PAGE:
Tax Planning in Brainerd, MN can be a nightmare, because the tax code changes every year–and most of us aren’t really sure what’s taxable. There are some benefits that are taxable under IRS code, but they’re so small that the IRS does not bother to collect on them. The tax planning experts at www.brainerdlaw.com have put together a list of six benefits that the Internal Revenue Service tends to ignore.
If you work overtime, ask your employer to give you the money to buy dinner or to order some takeout. A meal’s cost is not included as part of your income, and it is a tax deduction for your employer. One stipulation: the meal’s cost must be ‘reasonable’, and they must be paid for on an occasional basis.
The Employee Discount
If you teach at a university, you may be able to get discounts on college courses, and even take some for free! If you work in retail, you may get a discount on your purchases. These discounts’ value is nontaxable as long as the discounted service or product is also available to the public.
To foster a spirit of cooperation, many companies hold corporate picnics and group dinners. These aren’t considered gifts because they aren’t given with generosity; rather, your employer hopes to get a business benefit from them. Company picnics are a form of compensation, but because they’re so difficult to value and administer, the IRS elects not to tax them.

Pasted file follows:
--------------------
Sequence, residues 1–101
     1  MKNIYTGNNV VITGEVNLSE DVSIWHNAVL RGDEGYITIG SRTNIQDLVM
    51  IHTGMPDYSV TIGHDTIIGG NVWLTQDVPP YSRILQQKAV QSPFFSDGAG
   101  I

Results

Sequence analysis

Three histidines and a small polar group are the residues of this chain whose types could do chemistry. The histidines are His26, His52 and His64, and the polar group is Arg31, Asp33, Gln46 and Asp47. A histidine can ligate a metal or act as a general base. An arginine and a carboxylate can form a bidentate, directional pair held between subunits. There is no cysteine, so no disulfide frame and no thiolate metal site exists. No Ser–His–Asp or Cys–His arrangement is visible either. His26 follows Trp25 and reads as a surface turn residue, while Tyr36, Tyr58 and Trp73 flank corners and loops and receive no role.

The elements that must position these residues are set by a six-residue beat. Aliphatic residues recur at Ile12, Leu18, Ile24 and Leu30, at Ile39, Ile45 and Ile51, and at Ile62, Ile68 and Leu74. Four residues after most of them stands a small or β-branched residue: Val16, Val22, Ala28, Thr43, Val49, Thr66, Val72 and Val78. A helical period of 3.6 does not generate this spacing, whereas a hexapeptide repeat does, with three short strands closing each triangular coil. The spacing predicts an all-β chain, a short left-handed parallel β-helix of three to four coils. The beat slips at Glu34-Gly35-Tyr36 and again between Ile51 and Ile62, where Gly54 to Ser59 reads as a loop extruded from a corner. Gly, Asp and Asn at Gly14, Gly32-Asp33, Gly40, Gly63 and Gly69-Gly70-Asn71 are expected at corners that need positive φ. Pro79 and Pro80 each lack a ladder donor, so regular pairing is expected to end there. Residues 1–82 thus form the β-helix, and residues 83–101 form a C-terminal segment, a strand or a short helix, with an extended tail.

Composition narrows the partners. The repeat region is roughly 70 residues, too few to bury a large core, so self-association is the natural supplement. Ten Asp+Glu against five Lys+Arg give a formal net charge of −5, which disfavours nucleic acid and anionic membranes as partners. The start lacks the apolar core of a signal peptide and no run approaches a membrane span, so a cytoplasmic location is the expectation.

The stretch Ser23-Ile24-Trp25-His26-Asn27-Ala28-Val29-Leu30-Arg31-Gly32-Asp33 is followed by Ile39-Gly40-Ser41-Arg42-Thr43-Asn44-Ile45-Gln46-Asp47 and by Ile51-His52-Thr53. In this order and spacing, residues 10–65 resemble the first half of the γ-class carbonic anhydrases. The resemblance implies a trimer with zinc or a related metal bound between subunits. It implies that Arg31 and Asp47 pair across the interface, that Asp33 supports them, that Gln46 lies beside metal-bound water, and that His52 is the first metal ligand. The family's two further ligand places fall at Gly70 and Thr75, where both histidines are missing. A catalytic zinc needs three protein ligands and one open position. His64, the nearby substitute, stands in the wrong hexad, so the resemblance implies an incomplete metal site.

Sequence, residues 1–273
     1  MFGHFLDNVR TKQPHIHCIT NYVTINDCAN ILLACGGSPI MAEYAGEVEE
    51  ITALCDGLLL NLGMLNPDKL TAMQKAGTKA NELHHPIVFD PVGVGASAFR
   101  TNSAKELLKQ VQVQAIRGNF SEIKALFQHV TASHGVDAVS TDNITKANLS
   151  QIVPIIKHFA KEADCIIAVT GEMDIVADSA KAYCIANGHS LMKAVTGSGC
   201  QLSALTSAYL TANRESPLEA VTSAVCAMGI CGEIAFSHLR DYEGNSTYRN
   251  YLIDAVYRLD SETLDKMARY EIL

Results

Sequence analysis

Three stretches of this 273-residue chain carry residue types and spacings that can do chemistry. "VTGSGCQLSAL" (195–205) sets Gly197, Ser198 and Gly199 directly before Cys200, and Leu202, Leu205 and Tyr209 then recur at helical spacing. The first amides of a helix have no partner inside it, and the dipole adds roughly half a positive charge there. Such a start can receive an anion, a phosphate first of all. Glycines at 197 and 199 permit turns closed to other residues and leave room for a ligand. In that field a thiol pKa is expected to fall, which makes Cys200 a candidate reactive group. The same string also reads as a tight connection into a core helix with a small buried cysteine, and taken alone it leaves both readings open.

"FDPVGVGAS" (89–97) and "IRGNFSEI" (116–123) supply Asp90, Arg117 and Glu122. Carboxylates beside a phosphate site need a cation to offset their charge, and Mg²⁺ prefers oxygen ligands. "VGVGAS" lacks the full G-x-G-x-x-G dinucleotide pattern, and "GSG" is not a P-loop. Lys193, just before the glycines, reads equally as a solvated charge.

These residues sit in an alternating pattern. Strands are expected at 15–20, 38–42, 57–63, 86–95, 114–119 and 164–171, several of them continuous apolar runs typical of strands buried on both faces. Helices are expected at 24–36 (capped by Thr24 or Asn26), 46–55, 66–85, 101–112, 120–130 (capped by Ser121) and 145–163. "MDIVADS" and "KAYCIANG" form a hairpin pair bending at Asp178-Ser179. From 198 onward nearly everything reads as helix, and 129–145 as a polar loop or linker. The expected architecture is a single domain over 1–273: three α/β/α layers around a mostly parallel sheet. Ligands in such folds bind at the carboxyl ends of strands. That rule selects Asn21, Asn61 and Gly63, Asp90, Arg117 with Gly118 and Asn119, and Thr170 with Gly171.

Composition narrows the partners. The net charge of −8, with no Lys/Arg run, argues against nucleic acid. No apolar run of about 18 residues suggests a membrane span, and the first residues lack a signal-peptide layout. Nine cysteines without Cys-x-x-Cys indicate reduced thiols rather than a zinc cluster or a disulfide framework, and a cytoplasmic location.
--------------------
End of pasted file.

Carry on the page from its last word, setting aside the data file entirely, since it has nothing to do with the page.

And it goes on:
Tickets to Concerts and Sporting Events
As long as they’re not given on a routine basis, the value of event tickets you get from your boss is considered to be ‘occasional’ and nontaxable. The Internal Revenue Service just doesn’t have the resources to keep track of this type of income.
For some workplaces, the ‘water cooler’ now includes treats such as sodas, candy, coffee, doughnuts and a lot more. Some offices have so much food around that you don’t really need to go out for lunch–and you can sit back and enjoy a snack, because it’s nontaxable.
Most people are reluctant to admit it, but the majority of employees who have business cell phones also use them for personal reasons. Previously, the IRS required employees to keep separate records for business and personal cell phone use, but this requirement is no longer in effect.